Working With Horses


The horse was not designed to carry man or to pull his loads. If we want to impose ourselves upon the horse we need to learn what strain that imposition will cause and minimize its effects.

Well-positioned riding can assist the horse to cope with our weight. Correct training can help to strengthen its muscles.

Handling the horse so as to cause it to be disciplined, responsible, aware and kind is essential. The tools of good horsemanship are available; many people are passing on those tools. There are on offer today many different versions of what we now call ‘Natural Horsemanship’, which in many ways is based on skills learned in the Western arena and also on common sense.


However, as few people today employ horses to draw carriages or for the plough that common sense is often lacking. Day to day working with horses except in the world of sport is rare. Horses are at their best when routinely worked and handled. Often this is not the case. When people work every day with a horse they soon find themselves understanding their charges through familiarity.

It is essential to understand the psychology and physiology of the horse. Good husbandry is a cornerstone of that understanding. We can offer advice as where to find that information and how to apply it. We offer further reading – workshops and hands on experts such as farriers, chiropractors, dentists and various alternative therapists. See courses at

wwwExmoor July 2014
Exmoor ponies near Withypool July 2014

The wild horse has a great deal to teach us. By observing the herds of Exmoor ponies one can learn about their herd communication, their survival tactics and their interaction with people. These ponies may well be the last surviving ponies whose genetics remain pure. They are small and incredibly tough. They have learned to survive on the moorland and hide in the winter away from storms. Their numbers are controlled and young males castrated and sold. I hope that the Exmoor Society continue to control and protect them. Munnings had the skull of an Exmoor pony in his studio. He and his wife Violet spent a lot of time on Exmoor and they both loved to hunt. many paintings show Violet riding and hunting on Exmoor.

What the Horse Can Offer Us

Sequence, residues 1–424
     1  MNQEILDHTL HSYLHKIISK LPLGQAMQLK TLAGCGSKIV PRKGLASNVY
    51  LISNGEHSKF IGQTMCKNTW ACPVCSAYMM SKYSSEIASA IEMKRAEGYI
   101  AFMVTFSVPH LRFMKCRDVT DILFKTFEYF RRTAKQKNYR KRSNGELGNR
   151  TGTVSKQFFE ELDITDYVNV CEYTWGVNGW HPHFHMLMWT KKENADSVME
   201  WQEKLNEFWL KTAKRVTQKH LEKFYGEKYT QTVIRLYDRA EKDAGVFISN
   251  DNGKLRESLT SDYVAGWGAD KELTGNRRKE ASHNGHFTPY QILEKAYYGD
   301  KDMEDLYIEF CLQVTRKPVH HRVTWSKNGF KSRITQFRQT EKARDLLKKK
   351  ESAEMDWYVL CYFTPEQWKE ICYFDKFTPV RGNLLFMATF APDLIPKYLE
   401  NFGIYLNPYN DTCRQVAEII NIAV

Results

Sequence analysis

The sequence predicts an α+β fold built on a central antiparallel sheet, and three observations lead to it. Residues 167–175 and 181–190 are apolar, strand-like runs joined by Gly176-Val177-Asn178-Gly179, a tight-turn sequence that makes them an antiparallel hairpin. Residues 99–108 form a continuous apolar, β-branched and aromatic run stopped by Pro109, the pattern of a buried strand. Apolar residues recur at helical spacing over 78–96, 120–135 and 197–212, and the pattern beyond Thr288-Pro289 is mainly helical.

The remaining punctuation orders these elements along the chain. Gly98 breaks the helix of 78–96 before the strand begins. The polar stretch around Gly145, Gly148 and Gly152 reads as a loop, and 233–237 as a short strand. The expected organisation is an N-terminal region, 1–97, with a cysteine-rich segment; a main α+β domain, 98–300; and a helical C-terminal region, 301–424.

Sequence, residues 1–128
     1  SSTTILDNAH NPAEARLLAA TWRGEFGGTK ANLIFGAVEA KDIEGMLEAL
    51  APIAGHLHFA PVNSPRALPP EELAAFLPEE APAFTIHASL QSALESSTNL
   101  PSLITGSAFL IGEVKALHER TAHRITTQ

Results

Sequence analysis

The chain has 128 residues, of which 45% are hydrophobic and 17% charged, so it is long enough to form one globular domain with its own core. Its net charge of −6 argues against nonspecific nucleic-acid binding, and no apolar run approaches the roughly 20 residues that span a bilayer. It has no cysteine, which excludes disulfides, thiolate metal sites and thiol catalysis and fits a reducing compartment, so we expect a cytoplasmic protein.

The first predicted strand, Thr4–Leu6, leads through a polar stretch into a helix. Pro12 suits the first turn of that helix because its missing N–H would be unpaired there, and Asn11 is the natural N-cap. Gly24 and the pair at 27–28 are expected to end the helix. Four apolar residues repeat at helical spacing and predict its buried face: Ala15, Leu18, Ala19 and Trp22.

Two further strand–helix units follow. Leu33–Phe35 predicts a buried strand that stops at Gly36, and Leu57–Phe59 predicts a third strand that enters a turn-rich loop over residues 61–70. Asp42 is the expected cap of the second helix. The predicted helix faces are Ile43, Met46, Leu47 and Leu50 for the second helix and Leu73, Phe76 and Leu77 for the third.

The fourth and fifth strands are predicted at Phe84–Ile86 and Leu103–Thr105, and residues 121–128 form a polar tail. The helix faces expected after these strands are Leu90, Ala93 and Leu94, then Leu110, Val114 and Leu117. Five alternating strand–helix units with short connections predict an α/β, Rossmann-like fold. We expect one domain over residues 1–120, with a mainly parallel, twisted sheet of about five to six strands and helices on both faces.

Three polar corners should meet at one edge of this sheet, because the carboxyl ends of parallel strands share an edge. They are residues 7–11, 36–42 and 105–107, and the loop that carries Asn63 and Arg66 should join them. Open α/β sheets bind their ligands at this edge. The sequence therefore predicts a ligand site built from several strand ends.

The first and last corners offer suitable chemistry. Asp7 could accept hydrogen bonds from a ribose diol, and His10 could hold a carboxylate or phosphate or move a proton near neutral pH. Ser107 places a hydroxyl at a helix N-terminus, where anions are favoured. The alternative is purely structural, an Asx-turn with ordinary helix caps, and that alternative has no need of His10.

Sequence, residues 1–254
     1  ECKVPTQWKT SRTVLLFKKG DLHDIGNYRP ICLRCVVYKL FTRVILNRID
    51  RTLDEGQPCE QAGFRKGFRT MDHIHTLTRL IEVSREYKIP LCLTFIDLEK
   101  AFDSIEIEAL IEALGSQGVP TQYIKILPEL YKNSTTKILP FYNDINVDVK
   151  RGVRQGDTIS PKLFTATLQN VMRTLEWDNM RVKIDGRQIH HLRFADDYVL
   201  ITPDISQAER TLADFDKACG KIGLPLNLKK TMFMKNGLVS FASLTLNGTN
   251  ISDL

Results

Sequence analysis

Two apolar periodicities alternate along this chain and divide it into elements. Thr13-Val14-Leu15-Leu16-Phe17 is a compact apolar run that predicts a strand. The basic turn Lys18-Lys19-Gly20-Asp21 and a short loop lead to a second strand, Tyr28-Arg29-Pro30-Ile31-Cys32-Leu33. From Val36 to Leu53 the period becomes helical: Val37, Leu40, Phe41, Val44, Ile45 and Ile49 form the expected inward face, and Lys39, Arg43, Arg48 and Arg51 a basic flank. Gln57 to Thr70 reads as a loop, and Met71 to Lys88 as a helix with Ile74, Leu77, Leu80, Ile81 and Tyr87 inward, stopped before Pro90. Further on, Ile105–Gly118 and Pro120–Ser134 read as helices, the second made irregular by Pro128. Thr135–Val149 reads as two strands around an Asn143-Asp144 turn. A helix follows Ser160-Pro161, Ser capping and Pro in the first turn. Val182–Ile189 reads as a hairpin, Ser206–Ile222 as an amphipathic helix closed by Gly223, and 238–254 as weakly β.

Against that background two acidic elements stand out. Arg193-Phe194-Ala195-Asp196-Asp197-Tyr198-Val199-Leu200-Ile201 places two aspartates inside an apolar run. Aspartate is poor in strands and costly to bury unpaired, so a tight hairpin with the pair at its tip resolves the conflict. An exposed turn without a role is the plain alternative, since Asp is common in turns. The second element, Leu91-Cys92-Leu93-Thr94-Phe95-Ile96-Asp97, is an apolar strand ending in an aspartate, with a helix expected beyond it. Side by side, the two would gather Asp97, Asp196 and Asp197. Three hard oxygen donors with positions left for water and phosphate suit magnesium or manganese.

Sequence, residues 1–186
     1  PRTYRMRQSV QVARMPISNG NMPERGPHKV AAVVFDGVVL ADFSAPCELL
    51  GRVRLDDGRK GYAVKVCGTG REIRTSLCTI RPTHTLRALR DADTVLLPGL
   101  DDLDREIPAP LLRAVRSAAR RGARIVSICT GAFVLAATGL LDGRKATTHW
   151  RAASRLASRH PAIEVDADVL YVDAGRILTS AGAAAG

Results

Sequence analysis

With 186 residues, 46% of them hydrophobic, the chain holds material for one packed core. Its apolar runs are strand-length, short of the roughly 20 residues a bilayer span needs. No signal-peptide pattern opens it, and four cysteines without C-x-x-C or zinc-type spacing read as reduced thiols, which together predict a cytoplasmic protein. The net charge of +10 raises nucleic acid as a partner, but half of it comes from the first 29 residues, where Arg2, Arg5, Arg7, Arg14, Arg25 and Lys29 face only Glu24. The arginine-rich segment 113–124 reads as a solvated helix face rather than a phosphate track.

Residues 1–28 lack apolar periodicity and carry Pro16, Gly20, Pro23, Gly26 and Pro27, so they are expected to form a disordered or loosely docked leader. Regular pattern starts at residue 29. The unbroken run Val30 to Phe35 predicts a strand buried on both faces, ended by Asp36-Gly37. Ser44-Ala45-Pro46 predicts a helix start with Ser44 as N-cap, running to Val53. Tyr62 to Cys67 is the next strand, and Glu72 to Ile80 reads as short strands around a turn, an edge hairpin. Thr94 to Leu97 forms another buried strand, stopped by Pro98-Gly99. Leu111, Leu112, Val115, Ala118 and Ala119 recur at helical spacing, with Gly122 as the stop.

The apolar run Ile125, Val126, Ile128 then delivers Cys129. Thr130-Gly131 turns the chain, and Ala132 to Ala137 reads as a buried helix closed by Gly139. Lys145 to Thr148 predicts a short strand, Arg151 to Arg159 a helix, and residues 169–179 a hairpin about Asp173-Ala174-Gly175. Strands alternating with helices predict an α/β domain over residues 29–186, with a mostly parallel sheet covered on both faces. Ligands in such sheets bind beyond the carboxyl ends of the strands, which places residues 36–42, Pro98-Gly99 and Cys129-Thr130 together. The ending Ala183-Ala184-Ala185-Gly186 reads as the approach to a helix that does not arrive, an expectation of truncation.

The world we live in today is fast very fast. The spread of information and communication has left us little or no time to ourselves.


Our mobile phone demands attention, the computer links us immediately around the world. The speed and demands of modern living are stressful. Where can we find peace in this modern age? With the horse.

The horse can take us at a gentle speed, to places where the wind blows away cobwebs, where breathtaking views can offer us respite. Horses refocus us. They can bring us into the present; give us a place to be when all other places have crowded our vision.

The horse can give us wings. The horse can tell us when they feel the need to communicate and sometimes that communication can be surprising.

The horse is a portal through which we can pass to become better more rounded human beings. The horse challenges us; it questions us in every pore of our being. The horse knows when we are afraid or confident, the horse has innate wisdom we can tap into.


My chestnut thoroughbred had never been in traffic before this event. The most roadwork he had done was a loop from the Downs to Langley Vale Farm, about 300 yards.

Yet here he is in Whitehall outside No 10, looking straight out at the camera unafraid, confident, on a loose rein and thoroughly in command of the situation.

Be challenged by the horse, rise to that challenge. Don’t miss the opportunity to discover what horses can do for you. Our aim is to help people to step over that threshold of caution into the world of equus, to form bonds on affection, to grow confidant, to discover a future together.